Ernests Fogels was the son of farmers who found it hard to earn enough money to make their living. However Fogels was able to attend one of the best secondary schools in Latvia when he entered the Second Gymnasium in Riga. He showed considerable mathematical talents at this school and, when he won a mathematics competition and was awarded a book on number theory as the prize, his interest grew still further. But Fogels had special talents for subjects other than mathematics at the Gymnasium for he had a wonderful talent for painting.
After leaving school, Fogels wanted to continue with both his interest in mathematics and that in painting. However he also required money to support himself through his studies so the next few years, beginning in 1928, proved very demanding as he studied mathematics at the University of Latvia, studied painting at the Academy of Fine Art, and at the same time worked as a clerk and as a schoolteacher of mathematics to fund his studies. He would have liked to write a Master's Thesis on number theory but nobody at the University of Latvia could supervise him on that topic.
After graduating in 1933 Fogels joined the staff of the University of Latvia. He became a dozent in 1937 and gave lectures on algebra and number theory up until the end of 1938 when he travelled to England to undertake research at Cambridge. His plan had been to study with Hardy, but this did not work out, so instead he undertook research on the estimate for the difference between consecutive primes supervised by Ingham. However after he returned to Latvia in June 1939 World War II broke out and his studies were severely affected.
The German-Soviet Nonaggression Pact was signed in August 1939 and from that time on Latvia's fate was out of its control. On 17 June 1940 the Red Army invaded Latvia and only three days later a new government of Soviet supporters was announced. They voted on 21 July for Latvia to become a part of the USSR and on 5 August this became official. The Soviet occupation saw around 35,000 Latvians deported to Russia within a year. During this extremely difficult period Fogels continued to teach and undertake research at the University of Latvia being appointed as an associate professor in 1940. However, the German army invaded Latvia in July 1941. For a period Latvia was a province of a larger Ostland (including Estonia, Lithuania, and Byelorussia). In 1944 the Soviet army again marched into Latvia and a renewed period of Soviet domination began.
During these difficult years Fogels had been researching for his thesis On mean values of arithmetical functions which he submitted to the University of Latvia in 1947. In the same year he took up an appointment as a research fellow at the Institute of Physics and Mathematics of the Latvian Academy of Sciences. This was a very productive time for Fogels who published twelve papers on number theory over the three years 1947-1950. In particular he showed that if any countable set has an arithmetic where the elements have unique decompositions into primes, then it is isomorphic to the arithmetic of the natural numbers. He also became interested in finite methods in number theory. These restrict the tools available so that only rational numbers with bounded denominators can occur in a proof, which also cannot use differentiation and integration and other infinite tools. Using such finite methods Fogels proved a number of the classical theorems of number theory.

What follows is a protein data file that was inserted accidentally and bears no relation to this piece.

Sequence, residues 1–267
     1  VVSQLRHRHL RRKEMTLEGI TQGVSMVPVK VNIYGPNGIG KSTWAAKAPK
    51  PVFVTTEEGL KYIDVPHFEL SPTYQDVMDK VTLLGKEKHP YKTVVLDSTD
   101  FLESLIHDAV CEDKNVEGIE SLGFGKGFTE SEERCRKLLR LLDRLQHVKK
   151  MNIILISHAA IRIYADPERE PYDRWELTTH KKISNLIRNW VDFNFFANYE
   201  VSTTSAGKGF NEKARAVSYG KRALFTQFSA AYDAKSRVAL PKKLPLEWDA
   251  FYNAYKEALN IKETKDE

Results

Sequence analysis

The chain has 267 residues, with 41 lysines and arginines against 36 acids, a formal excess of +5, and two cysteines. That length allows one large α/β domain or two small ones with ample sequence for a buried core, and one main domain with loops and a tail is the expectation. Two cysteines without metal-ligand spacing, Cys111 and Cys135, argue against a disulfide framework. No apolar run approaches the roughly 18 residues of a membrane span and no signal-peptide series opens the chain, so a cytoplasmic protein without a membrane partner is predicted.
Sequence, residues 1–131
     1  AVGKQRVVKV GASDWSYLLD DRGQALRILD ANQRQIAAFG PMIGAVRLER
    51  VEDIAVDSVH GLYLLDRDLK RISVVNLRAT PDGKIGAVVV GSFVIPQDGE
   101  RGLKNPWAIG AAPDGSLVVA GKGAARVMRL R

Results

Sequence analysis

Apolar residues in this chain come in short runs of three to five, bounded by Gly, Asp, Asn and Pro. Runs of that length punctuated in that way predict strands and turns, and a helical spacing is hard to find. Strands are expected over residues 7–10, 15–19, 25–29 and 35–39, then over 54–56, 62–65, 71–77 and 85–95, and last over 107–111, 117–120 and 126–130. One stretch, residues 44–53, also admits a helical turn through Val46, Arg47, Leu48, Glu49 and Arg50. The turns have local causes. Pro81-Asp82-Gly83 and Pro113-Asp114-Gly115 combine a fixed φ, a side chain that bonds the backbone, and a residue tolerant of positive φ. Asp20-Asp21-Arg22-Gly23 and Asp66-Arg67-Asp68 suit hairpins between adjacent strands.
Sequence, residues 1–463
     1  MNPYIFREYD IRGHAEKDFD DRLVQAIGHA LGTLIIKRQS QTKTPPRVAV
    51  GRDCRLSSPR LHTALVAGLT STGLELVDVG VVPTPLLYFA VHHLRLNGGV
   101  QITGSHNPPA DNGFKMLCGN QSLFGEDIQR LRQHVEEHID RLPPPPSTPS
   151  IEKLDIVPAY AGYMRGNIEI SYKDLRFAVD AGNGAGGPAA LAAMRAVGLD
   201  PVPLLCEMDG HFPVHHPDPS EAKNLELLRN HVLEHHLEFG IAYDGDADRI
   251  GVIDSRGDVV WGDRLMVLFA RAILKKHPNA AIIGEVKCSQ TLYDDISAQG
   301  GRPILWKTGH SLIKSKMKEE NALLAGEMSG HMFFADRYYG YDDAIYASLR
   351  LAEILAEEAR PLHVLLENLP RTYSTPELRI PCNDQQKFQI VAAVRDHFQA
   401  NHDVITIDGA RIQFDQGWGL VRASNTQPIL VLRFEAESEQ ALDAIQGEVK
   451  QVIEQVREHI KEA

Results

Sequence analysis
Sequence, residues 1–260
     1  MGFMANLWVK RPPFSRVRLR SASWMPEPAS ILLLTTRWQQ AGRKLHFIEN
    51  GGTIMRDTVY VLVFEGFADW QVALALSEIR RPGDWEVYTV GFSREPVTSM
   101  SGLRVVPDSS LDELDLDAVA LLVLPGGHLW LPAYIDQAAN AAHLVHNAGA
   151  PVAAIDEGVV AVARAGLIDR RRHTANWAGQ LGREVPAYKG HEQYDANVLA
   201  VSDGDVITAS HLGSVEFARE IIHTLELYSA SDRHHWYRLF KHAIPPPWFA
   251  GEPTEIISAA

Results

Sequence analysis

In 1950 the Latvian Academy of Sciences closed down mathematics and Fogels moved to the Riga Pedagogical Institute. He spent the next eight years teaching almost the complete range of mathematics courses and wrote about thirty sets of lecture notes for his students. This meant he had little time for research and it is not surprising that he published only two papers during these eight years. In 1958 the Riga Pedagogical Institute was closed down and since Fogels' health was rather poor by this time so he did not seek another position until 1961 when he was appointed as a research fellow at the Radio Astrophysical Observatory of the Latvian Academy of Sciences. This was a fruitful period for his research and among his papers were three On the Abstract Theory of Primes published in Acta Arithmetica in 1964, 1965 and 1966. The abstract theory of primes had been introduced by Beurling and studied by many authors. This work proves results on infinite commutative semigroups with countably many generators.
Fogels retired in 1966 but continued to undertake research and from 1967 until his death he was on the editorial board of Acta Arithmetica. The authors of  write:-
E Fogels devoted the last years of his life to the Riemann hypothesis. He constructed many variants of possible proofs, though no one of them was successful. [Two papers] contain one of such attempts. The author himself noted a gap in the proof. However, it presented some new interesting connections of the Riemann hypothesis with the theory of prime numbers.
As to his character :-
Fogels had a strong personality. he was very hard working and energetic. He was one of those men who devoted all their lives to science. He was also a good teacher.
A final comment on his character is that he was so careful as a reviewer of mathematics papers, spending so much time checking every formula with the utmost care, that he had to give up the work since it was too time consuming.
Article by: J J O'Connor and E F Robertson
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